That's not correct, Monica. In your paper you also refer to Dr.  Galanter's research regarding members of the Divine Light Mission.  You know as well as I that Dr. Galanter did not restrict himself  solely to one cult in his studies. 

Additionally, Dr. Levine's work was done using other cults, but his  findings were the same as Dr. Galanter's. I could, of course,  continue to name additional researchers who have conducted similar  research and reached the same conclusions. There are quite a number  of them, although you still seem to hold to the belief that this is an  uninvestigated area for some reason. 

>What I still don't see is how Galanter shows anything for or against mind control. So what if only 9% joined? This was one particular group at one particular point in time and when compared to percentage of converts at a Billy Graham Crusade (2%) this number is considerably higher. His study does nothing to refute the existence of mind control. 

If "mind control" is so powerful (remember? you said "more powerful  than brainwashing") and so overwhelming, why do only 9 percent of the  people who are subjected to it succumb to it? 

That's the question I'm asking you, Monica. That's the question that  you don't appear to be able to answer. 

I'm not at all sure I understand the reference to Billy Graham. I was  not under the impression that Billy Graham has been accused of  practicing "mind control"? Do you believe that he does? 

Diane Richardson
referen@neont.com 

 

referen@neont.com (Diane Richardson)

Fri, 13 Sep 1996 06:28:10 GMT 

Newsgroups: alt.religion.scientology 
Subject: Re: KIM BAKER 
Message-ID: <51ava3$302@clark.zippo.com> 

gemmamp1@aol.com (GEMMAMP1) wrote: 

>Diane Richardson wrote: 

>>If you bother to read the article, you will find that Dr. Levine's  research, which was completely independent of Dr. Galanter's, reached  the same conclusions as Dr. Galanter's group reached. That's called  replication, Monica, and I'm sure you realize the significance of  replicability in research. 

>Replication is when you do the same study or a very similar one. I don't  see where Levine has done this. That article just stated his clinical  opinion, which I responded to (the part of it you posted). I will get the  full article and let you know what I think after reading it. 

Great! Levine includes citations to the studies he conducted up to  that time in the references at the end of the review, along with a  number of other studies done in the area. 

Monica:
>>>Another criticism I have of Galanter that I later realized I left out of  my critique is that he studied one cult, the Moonies in the study you  refer to. The Moonies recruiting techniques have major differences from  other cults, like Scientology and I don't think that the results of this  study can be generalized to other cults. Michael Langone, did a very  recent study comparing the after-effects of Boston Church of Christ  members to members of a mainstream Christian Intervarsity group and found  significant differences on several psychological scales. However, he was  honest enough to say that his results were only on one cult and could not be generalized. This is the general consensus among researchers who study only one cult group.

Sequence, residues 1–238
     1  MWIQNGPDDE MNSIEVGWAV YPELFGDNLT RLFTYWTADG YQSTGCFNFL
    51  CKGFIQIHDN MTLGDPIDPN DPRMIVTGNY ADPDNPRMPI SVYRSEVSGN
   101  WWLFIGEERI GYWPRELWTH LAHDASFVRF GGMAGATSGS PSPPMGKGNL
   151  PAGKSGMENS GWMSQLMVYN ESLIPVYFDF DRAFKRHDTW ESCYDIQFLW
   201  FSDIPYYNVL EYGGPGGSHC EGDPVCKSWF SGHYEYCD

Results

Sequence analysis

>>That's not correct, Monica. In your paper you also refer to Dr. Galanter's research regarding members of the Divine Light Mission. You know as well as I that Dr. Galanter did not restrict himself solely to one cult in his studies. 

>I meant that he only studied one cult in any one particular study. The Divine Light Mission study and the Moonie study were two different studies. The results cannot be generalized to other cults for either of these studies. 

That's not quite correct either. I'm not sure how many of Galanter's  studies you've looked at, but his investigations into cults were all  begun for the same reason and examined the same areas. Are you  suggesting that unless *all* cults are studied in *every* research  project, their results aren't valid? 

>>Additionally, Dr. Levine's work was done using other cults, but his findings were the same as Dr. Galanter's. I could, of course, continue to name additional researchers who have conducted similar research and reached the same conclusions. There are quite a number of them, although you still seem to hold to the belief that this is an uninvestigated area for some reason. 

>Again, I haven't seen his actual research. If it is contained in the article you referred to me I will get the article and see. Galanter's research, as I have previously commented, was flawed in that he studied a group that, putting aside the mind controls, has a proven track record of lying to outsiders (and this would include researchers). This is proven not only according to the testimony of ex-members (which you might not care to believe) but Moonies have actually been videotaped by reporters lying about who they were to outsiders and where their money was going.  They call this "heavenly deception". 

I believe that ex-Moonies who were recruited into the cult in past  decades experienced deception that, by all reports, is much less  prevalent today. You haven't responded to my question about what you  think of Geri-Ann Galanti's paper "Reflections on Brainwashing" in   Langone's _Recovery From Cults_. Dr. Galanti is quite adamant that  she encountered none of the deceptive practices once so common with  Moonies when she attended the introductory workshop undercover.